Moying remembers with clarity the day her childhood ended. It occurred one evening in the summer of 1966, when her elementary school Headmaster hanged himself. Moying was twelve-years-old.

In the summer of 1963, Moying was packing to attend a school , two-hours away from her home. She would reside there Monday to Friday. Moying was one of many students selected to attend this school were they would learn nine languages! The expectation was that after: “...ten years of training, many of the students would continue their studies in leading universities, with the possibility of diplomatic careers”.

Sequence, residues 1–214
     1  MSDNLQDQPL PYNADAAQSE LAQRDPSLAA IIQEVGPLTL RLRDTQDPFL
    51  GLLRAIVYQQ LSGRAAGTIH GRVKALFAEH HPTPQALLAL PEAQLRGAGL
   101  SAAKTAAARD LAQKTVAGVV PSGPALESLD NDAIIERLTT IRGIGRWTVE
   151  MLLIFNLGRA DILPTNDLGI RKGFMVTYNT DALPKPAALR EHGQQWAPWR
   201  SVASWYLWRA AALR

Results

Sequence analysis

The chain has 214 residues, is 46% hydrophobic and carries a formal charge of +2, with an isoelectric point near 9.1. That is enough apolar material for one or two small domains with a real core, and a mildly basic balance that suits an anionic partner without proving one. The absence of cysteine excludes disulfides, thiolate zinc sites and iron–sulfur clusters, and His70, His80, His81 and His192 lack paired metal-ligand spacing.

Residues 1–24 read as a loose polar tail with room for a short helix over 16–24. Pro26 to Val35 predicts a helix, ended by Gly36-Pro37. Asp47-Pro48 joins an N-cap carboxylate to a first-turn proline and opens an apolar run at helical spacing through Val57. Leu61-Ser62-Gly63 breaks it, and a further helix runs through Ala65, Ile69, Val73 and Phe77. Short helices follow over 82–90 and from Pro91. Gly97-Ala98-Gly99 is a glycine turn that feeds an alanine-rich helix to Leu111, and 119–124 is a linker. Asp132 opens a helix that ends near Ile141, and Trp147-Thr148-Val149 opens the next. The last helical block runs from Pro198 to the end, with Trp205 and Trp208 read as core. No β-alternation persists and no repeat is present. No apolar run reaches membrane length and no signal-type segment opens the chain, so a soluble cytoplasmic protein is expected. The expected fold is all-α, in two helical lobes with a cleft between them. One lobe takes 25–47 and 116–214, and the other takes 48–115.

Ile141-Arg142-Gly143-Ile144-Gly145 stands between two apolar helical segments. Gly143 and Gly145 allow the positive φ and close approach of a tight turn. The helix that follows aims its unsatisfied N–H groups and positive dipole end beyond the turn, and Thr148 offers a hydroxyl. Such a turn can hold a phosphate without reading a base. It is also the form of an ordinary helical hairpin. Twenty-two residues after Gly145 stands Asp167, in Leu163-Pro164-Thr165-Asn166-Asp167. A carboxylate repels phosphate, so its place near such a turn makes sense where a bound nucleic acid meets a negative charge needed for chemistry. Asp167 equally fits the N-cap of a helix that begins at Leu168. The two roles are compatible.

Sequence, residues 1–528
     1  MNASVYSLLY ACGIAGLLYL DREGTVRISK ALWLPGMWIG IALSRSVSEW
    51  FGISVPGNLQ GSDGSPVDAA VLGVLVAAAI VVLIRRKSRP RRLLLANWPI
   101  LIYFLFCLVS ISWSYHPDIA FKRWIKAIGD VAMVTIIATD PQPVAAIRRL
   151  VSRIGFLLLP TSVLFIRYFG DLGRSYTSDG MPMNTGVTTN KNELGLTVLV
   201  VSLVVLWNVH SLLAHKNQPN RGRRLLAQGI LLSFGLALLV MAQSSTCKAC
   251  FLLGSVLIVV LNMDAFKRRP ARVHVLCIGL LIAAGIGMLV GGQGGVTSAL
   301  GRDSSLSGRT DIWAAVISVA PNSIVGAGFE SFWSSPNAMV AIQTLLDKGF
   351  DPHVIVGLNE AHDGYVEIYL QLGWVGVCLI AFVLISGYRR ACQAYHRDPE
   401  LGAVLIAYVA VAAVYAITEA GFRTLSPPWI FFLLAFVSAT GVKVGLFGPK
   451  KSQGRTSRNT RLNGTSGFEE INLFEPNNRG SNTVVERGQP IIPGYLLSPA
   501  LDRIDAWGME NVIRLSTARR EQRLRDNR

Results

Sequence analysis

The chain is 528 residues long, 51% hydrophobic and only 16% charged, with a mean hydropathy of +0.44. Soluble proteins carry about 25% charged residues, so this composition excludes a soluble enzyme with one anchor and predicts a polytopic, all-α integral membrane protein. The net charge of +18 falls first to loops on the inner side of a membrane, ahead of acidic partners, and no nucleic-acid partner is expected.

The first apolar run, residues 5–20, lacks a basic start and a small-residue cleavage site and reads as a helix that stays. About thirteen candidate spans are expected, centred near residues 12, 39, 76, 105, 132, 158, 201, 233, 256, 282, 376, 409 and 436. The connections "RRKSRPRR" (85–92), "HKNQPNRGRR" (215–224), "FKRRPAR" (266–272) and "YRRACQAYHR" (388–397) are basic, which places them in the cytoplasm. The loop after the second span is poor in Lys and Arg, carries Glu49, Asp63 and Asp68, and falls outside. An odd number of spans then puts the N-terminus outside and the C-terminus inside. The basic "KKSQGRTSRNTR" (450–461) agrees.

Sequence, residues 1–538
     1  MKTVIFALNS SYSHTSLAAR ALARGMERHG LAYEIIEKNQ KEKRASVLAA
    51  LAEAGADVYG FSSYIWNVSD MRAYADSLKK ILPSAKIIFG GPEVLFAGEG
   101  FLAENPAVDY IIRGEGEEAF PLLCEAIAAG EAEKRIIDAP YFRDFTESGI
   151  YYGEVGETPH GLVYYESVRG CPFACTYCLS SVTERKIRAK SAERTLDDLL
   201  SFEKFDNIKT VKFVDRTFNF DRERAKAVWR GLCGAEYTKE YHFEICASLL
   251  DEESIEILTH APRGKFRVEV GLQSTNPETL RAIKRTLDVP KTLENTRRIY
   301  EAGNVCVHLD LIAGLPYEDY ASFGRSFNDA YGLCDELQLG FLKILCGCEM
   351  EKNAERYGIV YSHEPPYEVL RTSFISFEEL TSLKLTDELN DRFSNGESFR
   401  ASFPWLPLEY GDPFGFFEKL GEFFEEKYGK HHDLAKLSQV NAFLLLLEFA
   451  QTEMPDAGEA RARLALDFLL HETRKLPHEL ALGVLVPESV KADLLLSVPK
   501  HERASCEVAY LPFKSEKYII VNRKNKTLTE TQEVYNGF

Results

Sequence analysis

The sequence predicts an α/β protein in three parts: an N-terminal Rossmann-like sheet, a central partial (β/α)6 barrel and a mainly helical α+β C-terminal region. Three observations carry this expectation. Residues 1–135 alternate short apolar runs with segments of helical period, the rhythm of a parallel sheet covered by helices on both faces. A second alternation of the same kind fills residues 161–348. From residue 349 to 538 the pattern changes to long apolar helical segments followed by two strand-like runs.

In late spring of 1966 disturbances at Beijing and Tsinghua universities began. Large character posters were accusing school authorities of: “...departing from Chairman Mao’s teachings”. The posters demanded that these educational facilities be opened to workers and peasants instead of the privileged minority. Classes were cancelled and the students began to form groups, calling themselves, “Red Guards”, and displayed red arm bands on their sleeves.

In midsummer, Chairman Mao stood at Tinanmen Square, on top of the “Gate of Heavenly Peace” telling the large gathering crowd that he supported the Red Guards. Like piles of newspapers catching on fire one after another, Red Guard units appeared in all universities and high schools denouncing authorities.